Businesses have never had a better opportunity to renegotiate outsourcing contracts
In 2014, with a record number of outsourcing contracts due to expire, there has never been a better time for companies to renegotiate outsourcing deals to seek better terms and increase profitability. The outsourcing market, which is still largely dominated by long-term, inflexible contracts, is now subject to increasing competition from high-quality sub-contractors, putting businesses in a position to renegotiate more favourable terms.
Below I outline the most important areas for business managers to consider when they are looking to renegotiate outsourcing contracts.
Conduct due diligence
One of the key aspects to renegotiating an outsourcing contract is carrying out due diligence to assess market competition and ensure effective benchmarking. On average, firms only receive 72% of the value they expected from outsourcing contracts, according to a survey conducted by ISG. This suggests that businesses need to understand better what services they are trying to secure from a particular outsourcer when they are re-negotiating to make sure the contract does match their needs. It will also facilitate the monitoring of financial and quality performance indicators, either continuously or at specific intervals. As a result, companies will be less vulnerable to renewing a contract that is not really suitable and getting services that they don’t really need.
Reduce costs/drive profitability
ISG reported that 167 outsourcing contracts were awarded in EMEA in the fourth quarter of 2013, a 25% rise year on year but the annual contract value fell to £1.8bn, a decrease of 20%. As the size of the outsourcing market grows, companies are gaining more leverage in negotiating prices, as outsourcers fear losing customers to their competitors. Introducing clauses and guarantees to ensure that outsourcing companies commit to providing you with their best prices and high-quality service is a useful tool to ensure that your business also gets maximum value from the contract.
Furthermore, in an environment where innovation is prospering, companies should attempt to renegotiate increased flexibility, including staggered financial payment packets, which help boost cash flow, and shorter, more agile contracts.
Increase scope control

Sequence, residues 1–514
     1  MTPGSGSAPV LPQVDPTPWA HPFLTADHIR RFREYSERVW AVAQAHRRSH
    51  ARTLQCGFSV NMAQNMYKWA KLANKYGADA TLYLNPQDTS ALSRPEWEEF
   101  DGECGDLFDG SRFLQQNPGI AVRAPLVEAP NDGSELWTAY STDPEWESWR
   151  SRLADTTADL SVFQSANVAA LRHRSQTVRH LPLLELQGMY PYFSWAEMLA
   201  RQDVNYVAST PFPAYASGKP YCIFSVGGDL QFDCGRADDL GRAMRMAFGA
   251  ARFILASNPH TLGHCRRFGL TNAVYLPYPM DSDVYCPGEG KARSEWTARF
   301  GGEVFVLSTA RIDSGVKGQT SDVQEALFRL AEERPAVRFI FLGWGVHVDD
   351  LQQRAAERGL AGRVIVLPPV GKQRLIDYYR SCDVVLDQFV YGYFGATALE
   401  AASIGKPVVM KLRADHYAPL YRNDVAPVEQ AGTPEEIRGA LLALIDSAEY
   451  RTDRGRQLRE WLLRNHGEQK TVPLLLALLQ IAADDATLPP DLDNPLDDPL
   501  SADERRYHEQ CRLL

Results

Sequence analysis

After agreeing what is included in the scope for both parties, implementing appropriate ‘change control mechanisms’ to permit changes over time is essential. Throughout a contract period the circumstances of both parties may change greatly, due to internal business dealings or macroeconomic influences; therefore it is vital that a contract is flexible enough to take this into account.
In particular, if a customer wishes to assume responsibility for an in-scope service at any given point, this flexibility will need to be negotiated and included as part of the initial contract. Under such circumstances, the expectations of both parties must be clearly identified to prevent misunderstandings that can have a detrimental effect on the relationship.
Communicate goals clearly
Many issues that arise from outsourcing contracts are due to a breakdown in communication or poor governance. It is important to be clear at the outset of the renegotiation on the administrative overlap between the client and the third party, outlining how the businesses should work together to produce common goals. This involves a high level of communication not only during the renegotiating process but also throughout the length of the contract in order to increase trust and ultimately efficiency.
Prepare for exit
Exiting a contract should be a last resort. Before doing so, companies should carefully evaluate the existing partnership and explore the areas listed above to see how the contract could be changed to better suit the company’s needs. However, it is also important to have an exit strategy so as not to be caught out if a relationship fails irreparably. The contract should clearly state precisely what is expected from both parties as the relationship draws to a close. Conditions will be largely business-specific but certain areas such as seeing out current orders, continuing to provide consistent standards and the settlement of outstanding accounts should be addressed to reduce risk and minimise complications.
So as companies seek to become more efficient and take advantage of an improving economic landscape, mutually beneficial outsourcing contracts are becoming increasingly important. This is as good a time as any for smaller businesses to take the initiative and ensure that they are driving down costs and boosting performance. Successful renegotiation of a contract could breathe a new lease of life into tired, underproductive relationships.